One-third of oil production in the lower 48 United States is produced by companies that have reserve-based loans. The reserve base for the loan is calculated by multiplying the volume of oil and gas in proved developed producing properties (PDPs) by a set price deck. Proved developed non-producing (PDNP) and proved undeveloped (PUD) properties are given some value in determining the reserve base as well but these properties can typically only account for 25% of the borrowing base. Borrowers are also given dollar-for dollar credit for their hedges.

To ensure the banks continue to be adequately secured during the term of the loan, lending documents usually require borrowing bases to be re-calculated twice per year, once in the spring and once in the fall. Historically, biannual redeterminations have not been major events for a company, with increases and decreases often attributable to recent acquisitions or divestitures by the borrower or significant increases or decreases in production since the last redetermination. With the decline in oil prices and hedges coming off now or shortly in the future, redeterminations are taking on increasing significance for both the banks and their borrowers.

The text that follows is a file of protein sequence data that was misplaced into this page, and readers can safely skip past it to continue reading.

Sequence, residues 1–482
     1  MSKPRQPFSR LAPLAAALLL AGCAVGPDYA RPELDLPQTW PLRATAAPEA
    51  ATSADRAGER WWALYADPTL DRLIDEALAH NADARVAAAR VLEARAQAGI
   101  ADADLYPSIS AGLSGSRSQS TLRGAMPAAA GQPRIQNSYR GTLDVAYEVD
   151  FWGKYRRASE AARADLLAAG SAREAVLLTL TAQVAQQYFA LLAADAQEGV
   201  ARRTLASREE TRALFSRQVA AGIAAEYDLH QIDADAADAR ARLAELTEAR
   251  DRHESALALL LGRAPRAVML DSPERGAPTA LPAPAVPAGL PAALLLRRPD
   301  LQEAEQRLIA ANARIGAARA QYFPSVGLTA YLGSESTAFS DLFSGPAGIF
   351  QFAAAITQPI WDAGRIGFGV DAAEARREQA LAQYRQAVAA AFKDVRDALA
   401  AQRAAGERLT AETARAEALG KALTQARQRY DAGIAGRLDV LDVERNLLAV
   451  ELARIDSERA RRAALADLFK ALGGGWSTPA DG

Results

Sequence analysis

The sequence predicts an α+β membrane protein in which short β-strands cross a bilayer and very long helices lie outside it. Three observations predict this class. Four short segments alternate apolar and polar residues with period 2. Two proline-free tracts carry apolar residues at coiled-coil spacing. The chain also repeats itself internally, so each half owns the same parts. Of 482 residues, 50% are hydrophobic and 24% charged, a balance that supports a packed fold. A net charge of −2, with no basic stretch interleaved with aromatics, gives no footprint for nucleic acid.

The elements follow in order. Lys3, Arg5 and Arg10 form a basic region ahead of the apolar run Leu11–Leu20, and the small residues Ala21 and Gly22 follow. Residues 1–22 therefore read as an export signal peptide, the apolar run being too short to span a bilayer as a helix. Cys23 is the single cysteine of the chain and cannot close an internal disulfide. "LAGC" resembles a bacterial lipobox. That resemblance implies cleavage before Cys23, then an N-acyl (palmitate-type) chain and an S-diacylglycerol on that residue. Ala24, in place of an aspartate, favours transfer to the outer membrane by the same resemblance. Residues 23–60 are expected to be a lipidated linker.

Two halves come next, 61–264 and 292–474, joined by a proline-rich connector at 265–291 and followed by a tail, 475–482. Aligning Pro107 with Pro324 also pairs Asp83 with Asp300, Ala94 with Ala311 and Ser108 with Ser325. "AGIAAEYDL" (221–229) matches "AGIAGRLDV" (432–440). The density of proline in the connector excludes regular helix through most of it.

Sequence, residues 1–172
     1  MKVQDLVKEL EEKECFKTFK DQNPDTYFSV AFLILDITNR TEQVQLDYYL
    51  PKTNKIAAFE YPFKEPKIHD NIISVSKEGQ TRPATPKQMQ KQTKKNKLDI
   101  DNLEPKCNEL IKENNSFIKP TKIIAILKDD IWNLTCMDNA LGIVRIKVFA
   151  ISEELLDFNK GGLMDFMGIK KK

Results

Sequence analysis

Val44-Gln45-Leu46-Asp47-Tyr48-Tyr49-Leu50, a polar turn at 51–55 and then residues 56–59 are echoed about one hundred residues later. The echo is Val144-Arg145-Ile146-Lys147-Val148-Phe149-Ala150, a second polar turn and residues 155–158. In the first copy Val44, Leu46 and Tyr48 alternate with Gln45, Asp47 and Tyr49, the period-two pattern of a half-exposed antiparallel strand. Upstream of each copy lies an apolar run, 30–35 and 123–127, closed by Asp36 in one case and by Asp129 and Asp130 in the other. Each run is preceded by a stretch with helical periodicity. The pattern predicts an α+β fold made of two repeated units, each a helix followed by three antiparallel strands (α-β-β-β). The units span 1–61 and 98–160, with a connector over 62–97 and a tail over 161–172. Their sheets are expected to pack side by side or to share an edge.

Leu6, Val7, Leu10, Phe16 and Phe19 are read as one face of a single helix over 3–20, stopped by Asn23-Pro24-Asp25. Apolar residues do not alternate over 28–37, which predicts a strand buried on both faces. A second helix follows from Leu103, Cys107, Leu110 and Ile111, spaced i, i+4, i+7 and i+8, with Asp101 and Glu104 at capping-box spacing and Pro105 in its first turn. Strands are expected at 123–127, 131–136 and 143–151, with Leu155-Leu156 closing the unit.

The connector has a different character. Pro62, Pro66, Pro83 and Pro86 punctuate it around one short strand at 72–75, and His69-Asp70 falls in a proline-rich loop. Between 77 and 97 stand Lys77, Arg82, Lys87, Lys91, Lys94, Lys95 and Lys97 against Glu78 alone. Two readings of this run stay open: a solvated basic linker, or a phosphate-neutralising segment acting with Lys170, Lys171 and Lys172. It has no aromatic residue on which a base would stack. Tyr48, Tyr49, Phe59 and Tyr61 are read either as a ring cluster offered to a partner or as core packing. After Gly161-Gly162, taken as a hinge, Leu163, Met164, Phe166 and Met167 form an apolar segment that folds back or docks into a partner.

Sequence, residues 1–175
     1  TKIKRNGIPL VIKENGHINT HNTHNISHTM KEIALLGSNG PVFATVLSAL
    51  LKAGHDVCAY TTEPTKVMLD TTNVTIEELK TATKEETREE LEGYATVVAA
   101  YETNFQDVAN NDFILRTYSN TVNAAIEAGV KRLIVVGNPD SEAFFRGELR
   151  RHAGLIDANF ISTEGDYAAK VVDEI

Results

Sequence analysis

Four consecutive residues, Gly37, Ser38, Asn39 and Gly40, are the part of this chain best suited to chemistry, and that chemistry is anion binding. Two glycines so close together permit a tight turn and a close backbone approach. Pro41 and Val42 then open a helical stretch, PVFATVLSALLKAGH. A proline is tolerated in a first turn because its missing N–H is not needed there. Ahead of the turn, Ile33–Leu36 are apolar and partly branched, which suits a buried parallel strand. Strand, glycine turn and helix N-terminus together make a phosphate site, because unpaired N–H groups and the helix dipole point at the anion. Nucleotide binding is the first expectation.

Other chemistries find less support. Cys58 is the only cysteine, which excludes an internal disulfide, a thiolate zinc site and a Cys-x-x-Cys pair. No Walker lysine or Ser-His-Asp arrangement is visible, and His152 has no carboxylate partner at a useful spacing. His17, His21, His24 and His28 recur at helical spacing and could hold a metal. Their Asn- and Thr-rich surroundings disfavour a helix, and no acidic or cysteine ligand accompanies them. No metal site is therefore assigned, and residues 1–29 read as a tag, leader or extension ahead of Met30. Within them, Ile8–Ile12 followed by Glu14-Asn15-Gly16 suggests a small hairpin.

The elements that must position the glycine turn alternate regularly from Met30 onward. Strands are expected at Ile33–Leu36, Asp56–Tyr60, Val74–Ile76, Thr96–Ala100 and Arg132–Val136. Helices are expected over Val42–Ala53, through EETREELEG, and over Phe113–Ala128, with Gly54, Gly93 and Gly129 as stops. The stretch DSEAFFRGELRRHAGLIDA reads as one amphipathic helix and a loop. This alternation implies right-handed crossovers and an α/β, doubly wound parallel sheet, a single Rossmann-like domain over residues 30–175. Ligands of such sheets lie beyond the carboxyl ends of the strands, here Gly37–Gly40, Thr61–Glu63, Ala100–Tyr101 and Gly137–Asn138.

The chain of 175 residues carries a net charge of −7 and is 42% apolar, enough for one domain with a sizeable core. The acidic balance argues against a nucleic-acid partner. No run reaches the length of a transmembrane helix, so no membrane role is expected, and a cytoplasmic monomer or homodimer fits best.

Heading into the fall redeterminations, predictions of an industry credit crunch were not unfounded.

In October and not long after the first redeterminations were announced, Wells Fargo, the fourth-largest bank in the United States, announced that it had cut energy credit lines by 15%. E&P companies were primed for similar, if not more severe, results from the pending redeterminations with their respective lenders.